Cactus Cats once lived in the wide-open Southwestern deserts. They were once found in saguaro country between Prescott and Tucson and in the Sonoran Desert as far south as the cholla hills of Yucatan. Nowadays the species is practically extinct following the exploitation and destruction of its desert home.
A cactus cat has thorny hair, with especially long, rigid spines on its ears and tail. The tail is branched like a cactus with scattered thorny hair. There are sharp bony blades on the forearms above the forefeet.
Cactus cats use their forearm-blades to cut deep slanting slashes at the base of giant cacti. One of those cats will travel in a wide circular path, 80 chains long, slashing every cactus it sees. By the time it returns to the first cactus, the sap oozing from the cuts has fermented into mescal. The cactus cat laps this alcoholic brew up hungrily. By the end of the second circuit the cat is thoroughly drunk and waltzes off in a drunken stupor. It yowls and rasps its bone blades together, a sound which carries through the desert night.
It is this fondness for liquor that was the downfall of the species. By following a cactus cat around, one could collect the mescal and deprive the cat of its sustenance. This was not an activity without risk, however. Thieves caught in the act were flogged to death with the cat’s spiny tail, leaving red welts deceptively similar to the effects of heat rash.
Cox, W. T. (1910) Fearsome Creatures of the Lumberwoods with a Few Desert and Mountain Beasts. Judd and Detweiler, Washington D. C.
Tryon, H. H. (1939) Fearsome Critters. The Idlewild Press, Cornwall, NY.
of the Circhos is one fraught with misunderstandings, mistranslations, and
general confusion. It should serve as a morality tale on the importance of
accurate information transmission.
describes the habits of hermit crabs in detail. The carcinium (“small crab”) is soft-bodied after the thorax,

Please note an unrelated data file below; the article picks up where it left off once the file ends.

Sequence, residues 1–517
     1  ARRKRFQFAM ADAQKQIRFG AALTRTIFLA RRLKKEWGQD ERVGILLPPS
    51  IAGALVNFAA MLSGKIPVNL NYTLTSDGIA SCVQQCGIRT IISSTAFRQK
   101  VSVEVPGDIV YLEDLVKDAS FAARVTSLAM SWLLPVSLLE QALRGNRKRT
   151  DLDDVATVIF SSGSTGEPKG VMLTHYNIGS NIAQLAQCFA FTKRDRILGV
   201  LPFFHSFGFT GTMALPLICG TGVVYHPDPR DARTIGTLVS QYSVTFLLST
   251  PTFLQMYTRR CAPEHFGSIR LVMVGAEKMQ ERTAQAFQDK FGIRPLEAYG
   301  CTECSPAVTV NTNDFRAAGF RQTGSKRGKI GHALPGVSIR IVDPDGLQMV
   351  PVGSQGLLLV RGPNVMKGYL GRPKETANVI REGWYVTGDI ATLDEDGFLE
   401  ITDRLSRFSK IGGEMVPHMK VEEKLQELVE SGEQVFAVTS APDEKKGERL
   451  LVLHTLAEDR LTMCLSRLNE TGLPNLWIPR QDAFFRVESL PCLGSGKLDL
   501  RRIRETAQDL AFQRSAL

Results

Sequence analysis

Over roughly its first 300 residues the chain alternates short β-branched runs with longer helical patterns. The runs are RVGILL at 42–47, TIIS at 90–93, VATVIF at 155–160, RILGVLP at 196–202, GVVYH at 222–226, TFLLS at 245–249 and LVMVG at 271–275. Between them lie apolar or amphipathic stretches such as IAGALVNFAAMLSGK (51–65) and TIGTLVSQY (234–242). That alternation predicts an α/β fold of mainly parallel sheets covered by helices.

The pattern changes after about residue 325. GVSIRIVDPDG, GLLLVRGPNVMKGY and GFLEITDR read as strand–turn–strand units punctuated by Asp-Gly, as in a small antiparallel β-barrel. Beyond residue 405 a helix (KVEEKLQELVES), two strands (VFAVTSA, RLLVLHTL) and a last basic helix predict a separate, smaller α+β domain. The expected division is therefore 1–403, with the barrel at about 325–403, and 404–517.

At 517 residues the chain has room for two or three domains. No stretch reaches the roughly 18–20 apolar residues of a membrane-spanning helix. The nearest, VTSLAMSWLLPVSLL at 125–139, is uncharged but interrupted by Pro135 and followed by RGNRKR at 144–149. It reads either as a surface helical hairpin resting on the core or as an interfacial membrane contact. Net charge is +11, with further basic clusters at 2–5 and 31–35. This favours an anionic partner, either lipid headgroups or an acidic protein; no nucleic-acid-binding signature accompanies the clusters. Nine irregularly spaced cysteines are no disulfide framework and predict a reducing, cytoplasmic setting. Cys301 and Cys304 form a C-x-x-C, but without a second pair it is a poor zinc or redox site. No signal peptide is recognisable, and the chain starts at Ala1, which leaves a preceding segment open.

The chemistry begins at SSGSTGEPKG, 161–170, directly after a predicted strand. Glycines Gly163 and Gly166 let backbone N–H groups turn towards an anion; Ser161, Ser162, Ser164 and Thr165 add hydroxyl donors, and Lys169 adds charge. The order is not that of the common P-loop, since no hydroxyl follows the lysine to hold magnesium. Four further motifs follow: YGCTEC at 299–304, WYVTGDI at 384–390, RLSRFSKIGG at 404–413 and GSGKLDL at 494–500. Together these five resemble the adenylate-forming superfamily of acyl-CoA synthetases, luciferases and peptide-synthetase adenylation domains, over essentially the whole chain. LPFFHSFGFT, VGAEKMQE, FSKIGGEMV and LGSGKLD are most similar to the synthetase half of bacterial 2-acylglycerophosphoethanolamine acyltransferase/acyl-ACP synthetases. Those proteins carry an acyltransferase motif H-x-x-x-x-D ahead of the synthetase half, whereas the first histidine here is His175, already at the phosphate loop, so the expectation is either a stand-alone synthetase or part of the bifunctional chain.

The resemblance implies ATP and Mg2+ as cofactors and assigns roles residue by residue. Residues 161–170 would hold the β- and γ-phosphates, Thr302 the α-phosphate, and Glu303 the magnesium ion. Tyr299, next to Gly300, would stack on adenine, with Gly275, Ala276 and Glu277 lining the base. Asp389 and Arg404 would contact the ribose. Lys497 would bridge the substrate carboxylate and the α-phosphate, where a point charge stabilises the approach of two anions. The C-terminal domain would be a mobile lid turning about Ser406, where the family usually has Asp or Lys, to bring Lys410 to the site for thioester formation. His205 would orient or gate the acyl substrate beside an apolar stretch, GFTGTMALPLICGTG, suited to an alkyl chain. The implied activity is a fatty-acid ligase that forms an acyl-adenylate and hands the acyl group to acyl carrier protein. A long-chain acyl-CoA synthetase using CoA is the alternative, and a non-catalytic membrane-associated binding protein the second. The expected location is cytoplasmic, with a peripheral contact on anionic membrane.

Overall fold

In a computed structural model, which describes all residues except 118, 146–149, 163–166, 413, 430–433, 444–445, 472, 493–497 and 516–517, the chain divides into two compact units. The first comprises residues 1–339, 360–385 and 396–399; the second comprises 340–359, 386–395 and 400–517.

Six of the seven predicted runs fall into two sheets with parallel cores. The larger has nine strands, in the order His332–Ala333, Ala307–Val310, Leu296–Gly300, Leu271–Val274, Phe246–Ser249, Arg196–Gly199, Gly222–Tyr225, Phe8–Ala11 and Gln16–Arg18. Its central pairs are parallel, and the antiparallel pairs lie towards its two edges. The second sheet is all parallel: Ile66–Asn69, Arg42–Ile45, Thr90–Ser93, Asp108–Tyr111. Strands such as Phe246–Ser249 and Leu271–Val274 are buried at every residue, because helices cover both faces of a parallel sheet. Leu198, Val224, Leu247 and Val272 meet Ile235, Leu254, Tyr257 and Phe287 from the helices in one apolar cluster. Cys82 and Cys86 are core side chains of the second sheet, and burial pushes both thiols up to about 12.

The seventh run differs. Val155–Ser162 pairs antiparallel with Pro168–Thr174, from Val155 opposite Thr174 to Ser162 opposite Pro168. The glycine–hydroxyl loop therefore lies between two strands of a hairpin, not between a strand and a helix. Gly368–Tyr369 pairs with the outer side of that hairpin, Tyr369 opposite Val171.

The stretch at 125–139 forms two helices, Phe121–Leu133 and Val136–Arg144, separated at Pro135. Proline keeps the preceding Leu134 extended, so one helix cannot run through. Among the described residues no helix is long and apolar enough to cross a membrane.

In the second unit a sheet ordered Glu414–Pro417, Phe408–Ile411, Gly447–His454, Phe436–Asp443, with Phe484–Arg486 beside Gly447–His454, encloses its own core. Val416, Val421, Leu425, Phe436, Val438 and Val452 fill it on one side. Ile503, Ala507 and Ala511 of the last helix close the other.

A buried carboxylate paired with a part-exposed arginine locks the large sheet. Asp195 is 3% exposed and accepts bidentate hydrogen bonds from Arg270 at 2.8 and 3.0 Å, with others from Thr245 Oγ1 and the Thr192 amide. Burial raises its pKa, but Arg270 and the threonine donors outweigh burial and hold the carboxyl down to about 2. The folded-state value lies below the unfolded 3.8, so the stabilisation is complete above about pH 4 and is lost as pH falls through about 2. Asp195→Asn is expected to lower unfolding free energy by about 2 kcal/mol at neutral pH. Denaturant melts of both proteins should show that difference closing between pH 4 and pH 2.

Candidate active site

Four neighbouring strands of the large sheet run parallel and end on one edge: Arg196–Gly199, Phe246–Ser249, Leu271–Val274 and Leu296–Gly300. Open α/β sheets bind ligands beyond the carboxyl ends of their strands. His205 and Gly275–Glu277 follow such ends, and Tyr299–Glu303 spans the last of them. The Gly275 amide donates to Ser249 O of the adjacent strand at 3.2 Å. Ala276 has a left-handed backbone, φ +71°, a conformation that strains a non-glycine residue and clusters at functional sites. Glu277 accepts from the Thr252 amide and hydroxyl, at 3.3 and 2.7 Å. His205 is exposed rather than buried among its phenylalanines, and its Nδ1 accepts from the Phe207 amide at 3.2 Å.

resembling a spider, with two red horns and forward-pointing eyes. The mouth
has hair-like appendages and two divided feet that it uses to catch prey. There
are two additional smaller pairs of feet beside them.
hermit crabs, the kind that lives in the nerita
or brita shell is unusual because its
right divided foot is small while the left one is large. It walks more on the
left foot than the right. The nerita
itself, Aristotle adds, has a large, smooth, rounded shell, and a red
hepatopancreas, as opposed to the ceryx
and its black hepatopancreas. During a storm the crabs hide under a rock, and
the gastropods attach themselves to the rock and close their opercula.
All of the
preceding information is stated consecutively. Michael Scot’s translation of
Aristotle gives the name of kiroket
to the nerita shell. Thomas de Cantimpré takes Scot’s kiroket
and his descriptions of the hermit crab and gastropod, but omits connecting
names and details to combine them into a single confused account. It is likely
that Scot’s jargon and neologisms threw Thomas off.
Thomas de Cantimpré’s
cricos (corrupted from kiroket) now has two fissures at the end of its
feet, giving it three fingers and three nails on each foot (Thomas’
“common-sense” addition). Its left foot is big and its right foot is small, and
it carries its weight on its left foot. The comparison of hepatopancreas colors